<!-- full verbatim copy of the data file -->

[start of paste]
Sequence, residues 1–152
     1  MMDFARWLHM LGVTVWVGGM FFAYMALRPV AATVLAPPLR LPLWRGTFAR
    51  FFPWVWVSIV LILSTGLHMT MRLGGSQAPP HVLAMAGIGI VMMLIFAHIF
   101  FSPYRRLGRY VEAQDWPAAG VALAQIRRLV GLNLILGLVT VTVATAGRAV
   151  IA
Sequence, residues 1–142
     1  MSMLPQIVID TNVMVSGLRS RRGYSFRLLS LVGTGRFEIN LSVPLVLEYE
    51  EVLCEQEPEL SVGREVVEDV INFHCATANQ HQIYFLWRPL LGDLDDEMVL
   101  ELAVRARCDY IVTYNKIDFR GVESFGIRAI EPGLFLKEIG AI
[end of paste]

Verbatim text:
Sequence, residues 1–152
     1  MMDFARWLHM LGVTVWVGGM FFAYMALRPV AATVLAPPLR LPLWRGTFAR
    51  FFPWVWVSIV LILSTGLHMT MRLGGSQAPP HVLAMAGIGI VMMLIFAHIF
   101  FSPYRRLGRY VEAQDWPAAG VALAQIRRLV GLNLILGLVT VTVATAGRAV
   151  IA
Sequence, residues 1–142
     1  MSMLPQIVID TNVMVSGLRS RRGYSFRLLS LVGTGRFEIN LSVPLVLEYE
    51  EVLCEQEPEL SVGREVVEDV INFHCATANQ HQIYFLWRPL LGDLDDEMVL
   101  ELAVRARCDY IVTYNKIDFR GVESFGIRAI EPGLFLKEIG AI